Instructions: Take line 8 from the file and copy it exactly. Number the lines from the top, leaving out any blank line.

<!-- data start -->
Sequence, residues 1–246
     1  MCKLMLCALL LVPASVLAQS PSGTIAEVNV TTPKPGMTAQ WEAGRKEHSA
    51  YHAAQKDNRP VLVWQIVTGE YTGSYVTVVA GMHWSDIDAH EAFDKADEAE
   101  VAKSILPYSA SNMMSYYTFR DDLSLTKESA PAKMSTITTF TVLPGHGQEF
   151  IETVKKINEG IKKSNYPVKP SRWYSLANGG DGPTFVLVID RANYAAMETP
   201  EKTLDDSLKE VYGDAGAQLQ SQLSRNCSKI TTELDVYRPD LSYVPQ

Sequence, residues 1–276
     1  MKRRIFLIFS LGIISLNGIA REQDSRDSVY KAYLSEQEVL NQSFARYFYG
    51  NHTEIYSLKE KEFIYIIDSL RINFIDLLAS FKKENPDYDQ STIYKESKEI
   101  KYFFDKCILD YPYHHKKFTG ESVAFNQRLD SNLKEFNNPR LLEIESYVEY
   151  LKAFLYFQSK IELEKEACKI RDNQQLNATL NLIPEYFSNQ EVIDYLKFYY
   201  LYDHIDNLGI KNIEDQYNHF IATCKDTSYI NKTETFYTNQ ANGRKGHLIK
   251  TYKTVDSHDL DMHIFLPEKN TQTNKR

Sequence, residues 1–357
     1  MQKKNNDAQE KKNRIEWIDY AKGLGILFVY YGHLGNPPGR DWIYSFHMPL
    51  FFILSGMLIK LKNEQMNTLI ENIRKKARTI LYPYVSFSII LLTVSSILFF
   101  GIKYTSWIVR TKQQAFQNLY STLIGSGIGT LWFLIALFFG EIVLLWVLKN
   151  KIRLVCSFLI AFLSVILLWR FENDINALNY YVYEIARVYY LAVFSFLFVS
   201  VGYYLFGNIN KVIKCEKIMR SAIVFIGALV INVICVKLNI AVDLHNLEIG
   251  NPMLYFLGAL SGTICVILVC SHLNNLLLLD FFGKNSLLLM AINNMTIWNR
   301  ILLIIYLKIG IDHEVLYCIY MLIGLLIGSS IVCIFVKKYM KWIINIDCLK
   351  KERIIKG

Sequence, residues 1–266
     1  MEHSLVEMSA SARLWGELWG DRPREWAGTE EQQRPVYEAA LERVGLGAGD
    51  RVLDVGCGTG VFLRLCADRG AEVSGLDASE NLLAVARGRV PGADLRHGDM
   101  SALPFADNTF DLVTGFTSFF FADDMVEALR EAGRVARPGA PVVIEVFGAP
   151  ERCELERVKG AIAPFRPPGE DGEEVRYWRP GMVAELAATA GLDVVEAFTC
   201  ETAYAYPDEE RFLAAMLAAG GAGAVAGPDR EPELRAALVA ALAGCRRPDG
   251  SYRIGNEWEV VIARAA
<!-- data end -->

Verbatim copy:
     1  MKRRIFLIFS LGIISLNGIA REQDSRDSVY KAYLSEQEVL NQSFARYFYG